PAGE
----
A winter storm stronger than first predicted is expected to roll into the Southland. Mandatory evacuation order were issued by authorities in some areas of the region. Photo from Pixabay.
Water. Photo from Pixabay.

Widely dispersed storm cells and flash floods triggered by the remnants of a hurricane off of the California coast could aid fire crews Friday in broadening containment lines around the deadly Fairview Fire burning southeast of Hemet.

As of 10:30 a.m., National Weather Service radar indicated green, yellow and red bands approaching the Hemet/San Jacinto Valley and portions of the San Bernardino National Forest, where the blaze is concentrated.

Shortly before 11 a.m., all Cal Fire aircraft were pulled out of the firefighting operation and grounded at Hemet-Ryan and San Bernardino International airports, according to reports from the scene.

The NWS issued Flood Watch and High Wind Warning for Riverside County, with up to 7 inches of precipitation possible in areas, raising the likelihood of flash floods, mud and debris flows. The inclement weather was due to Tropical Storm Kay, which had been a hurricane before hitting the Baja peninsula in Mexico.

“Based on forecasts, this appears to be a dangerous storm,” county Emergency Management Department Director Bruce Barton said, urging motorists to take precautions and not attempt to cross flooded roads.

Winds turned sharply eastward as the storm cells crowded into the southern half of the county. The Weather Service predicted gusts of 55 mph in the valleys and 75 mph in the mountains and deserts.

Sandbags are available at fire stations and hardware stores in Riverside County.

With rainfall anticipated throughout the day Friday, chances of containing the fire by early next week, which Cal Fire said was the objective, seemed greater. It was unknown whether some of the evacuation orders might be lifted by the start of the weekend.

By 7 a.m. Friday, officials said the fire had grown to 27,463 acres, but remains 5% contained — a figure that hasn’t changed since Monday.

At 1 p.m. Thursday, Cal Fire announced that the area east of De Portola Road, west of Sage Road, north of East Benton Road and south of Diamond Valley Road was under a mandatory evacuation.

Around the same time, a new evacuation warning was posted south of Rawson Road, east of Washington Street and Anza Road, west of Highway 74 and north of Highways 79 and 371, where residents were advised to be prepared to leave should conditions change for the worse.

Mandatory evacuations remained in place for residents south of Cactus Valley Road, north of Minto Way, north of Red Mountain Road, west of the U.S. Forest Service boundary and east of Sage, west of Wilson Way, south of Highway 74, east of Fairview Avenue, north of Stetson Avenue, south of Minto, south of Red Mountain, west and north of Stanley Road and east of Sage.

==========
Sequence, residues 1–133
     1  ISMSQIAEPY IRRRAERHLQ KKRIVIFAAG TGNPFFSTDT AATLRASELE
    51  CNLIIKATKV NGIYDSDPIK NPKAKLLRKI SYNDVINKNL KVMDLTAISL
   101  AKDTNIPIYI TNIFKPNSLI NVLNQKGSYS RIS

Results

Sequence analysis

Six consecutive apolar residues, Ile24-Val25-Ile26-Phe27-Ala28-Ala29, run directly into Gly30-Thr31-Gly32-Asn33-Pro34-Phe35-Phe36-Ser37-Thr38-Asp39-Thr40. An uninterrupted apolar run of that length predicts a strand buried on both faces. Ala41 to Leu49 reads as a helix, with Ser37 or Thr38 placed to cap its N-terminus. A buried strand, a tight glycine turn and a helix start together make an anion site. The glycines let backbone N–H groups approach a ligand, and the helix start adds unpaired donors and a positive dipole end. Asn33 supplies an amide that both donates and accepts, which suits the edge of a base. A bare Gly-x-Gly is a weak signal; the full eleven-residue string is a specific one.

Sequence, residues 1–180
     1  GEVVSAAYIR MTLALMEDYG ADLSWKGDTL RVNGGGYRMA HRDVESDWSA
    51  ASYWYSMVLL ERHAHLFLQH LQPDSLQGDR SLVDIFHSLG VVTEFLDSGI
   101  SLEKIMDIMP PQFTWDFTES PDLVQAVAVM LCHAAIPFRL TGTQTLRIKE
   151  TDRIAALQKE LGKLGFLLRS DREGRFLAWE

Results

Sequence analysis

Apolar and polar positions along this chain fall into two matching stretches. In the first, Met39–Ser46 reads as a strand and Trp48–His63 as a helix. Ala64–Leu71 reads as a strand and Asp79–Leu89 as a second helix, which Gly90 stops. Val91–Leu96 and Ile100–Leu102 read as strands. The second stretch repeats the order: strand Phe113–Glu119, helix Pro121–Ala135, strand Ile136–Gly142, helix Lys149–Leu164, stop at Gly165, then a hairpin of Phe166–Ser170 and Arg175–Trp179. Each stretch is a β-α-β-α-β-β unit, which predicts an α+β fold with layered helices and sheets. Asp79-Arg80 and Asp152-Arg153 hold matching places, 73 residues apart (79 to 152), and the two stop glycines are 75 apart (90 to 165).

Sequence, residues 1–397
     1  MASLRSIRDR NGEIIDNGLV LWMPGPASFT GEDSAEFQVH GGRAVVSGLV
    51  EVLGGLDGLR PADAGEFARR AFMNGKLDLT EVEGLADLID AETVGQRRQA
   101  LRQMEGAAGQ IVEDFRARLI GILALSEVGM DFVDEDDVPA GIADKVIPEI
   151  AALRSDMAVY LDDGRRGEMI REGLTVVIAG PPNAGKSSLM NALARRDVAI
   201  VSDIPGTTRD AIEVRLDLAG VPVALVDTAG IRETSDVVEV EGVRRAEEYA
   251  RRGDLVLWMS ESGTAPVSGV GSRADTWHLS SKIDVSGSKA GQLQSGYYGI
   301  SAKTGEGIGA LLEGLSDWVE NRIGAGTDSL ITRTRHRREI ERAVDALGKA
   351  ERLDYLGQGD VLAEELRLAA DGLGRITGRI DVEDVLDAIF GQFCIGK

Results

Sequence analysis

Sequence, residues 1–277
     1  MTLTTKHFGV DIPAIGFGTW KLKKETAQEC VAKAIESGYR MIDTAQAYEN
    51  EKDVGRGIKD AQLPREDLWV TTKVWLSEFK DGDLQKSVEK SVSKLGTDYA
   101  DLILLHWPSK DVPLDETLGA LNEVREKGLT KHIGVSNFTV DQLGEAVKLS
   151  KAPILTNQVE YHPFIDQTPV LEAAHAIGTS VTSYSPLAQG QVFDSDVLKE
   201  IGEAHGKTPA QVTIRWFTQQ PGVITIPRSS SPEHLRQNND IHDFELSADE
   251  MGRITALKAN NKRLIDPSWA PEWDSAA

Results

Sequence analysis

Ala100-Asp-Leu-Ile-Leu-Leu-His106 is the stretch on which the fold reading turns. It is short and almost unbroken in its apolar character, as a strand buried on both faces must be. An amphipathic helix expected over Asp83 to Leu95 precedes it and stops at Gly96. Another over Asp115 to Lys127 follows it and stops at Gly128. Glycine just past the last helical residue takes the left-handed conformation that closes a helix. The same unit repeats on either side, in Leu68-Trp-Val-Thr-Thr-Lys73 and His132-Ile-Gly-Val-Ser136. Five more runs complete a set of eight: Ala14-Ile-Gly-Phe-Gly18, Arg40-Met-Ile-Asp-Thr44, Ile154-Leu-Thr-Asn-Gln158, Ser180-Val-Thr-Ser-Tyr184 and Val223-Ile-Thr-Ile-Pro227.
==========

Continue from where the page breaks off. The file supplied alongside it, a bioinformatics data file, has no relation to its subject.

Other evacuation warnings were active for those living west of Reed Valley Road and west of the USFS boundary, south of Stanley and north of Wilson Valley Road.

Highway 74 in the San Bernardino National Forest was fully closed between Mountain Center and Borco Street, which is in Valle Vista.

The Fairview Fire was reported shortly after 2 p.m. Monday on Fairview Avenue and Bautista Road.

Cal Fire Battalion Chief Josh Janssen said firefighters were strategically dispersed Wednesday, following a day that saw the flames “outpace our efforts.” Cal Fire established unified command with the USFS Wednesday.

The Riverside County Emergency Management Department declared a local emergency Wednesday due to the fire, enabling the county to apply for federal and state relief. The Board of Supervisors is slated to formally approve the proclamation during its meeting Tuesday. Gov. Gavin Newsom declared a state of emergency covering the fire zone earlier this week.

Officials said the fire resulted in two civilian fatalities and one civilian burn injury. Sheriff’s officials confirmed Wednesday the two deceased victims were found inside a vehicle in the 42400 block of Avery Canyon Road in East Hemet Monday, apparently overcome by the flames while trying to leave.

The two victims have not been formally identified by authorities, but friends identified them to reporters as Ian Compton and his autistic daughter Mikayla Porter. Friends said their family pets were also killed. Compton’s wife, Tina, was severely burned and remains hospitalized.

A sheriff’s official said Wednesday the woman, who was found outside the vehicle on Avery Canyon Road, is expected to survive.

At least seven buildings have been destroyed and several more were damaged. Friends said the Comptons’ home was among the structures destroyed.

Evacuation centers were set up at Tahquitz High School in Hemet, Temecula Valley High School and the Temecula Community Center.

The Department of Animal Services said the San Jacinto Valley Animal Campus was accepting large and small domestic creatures for safekeeping. Livestock were being cared for at the Perris Fairgrounds.

All fees for retaining pets will be waived under the county emergency order, agency spokesman John Welsh said.

The cause of the fire was under investigation. In a document filed with the California Public Utilities Commission, Southern California Edison reported “circuit activity” in the area close to the time the fire erupted.

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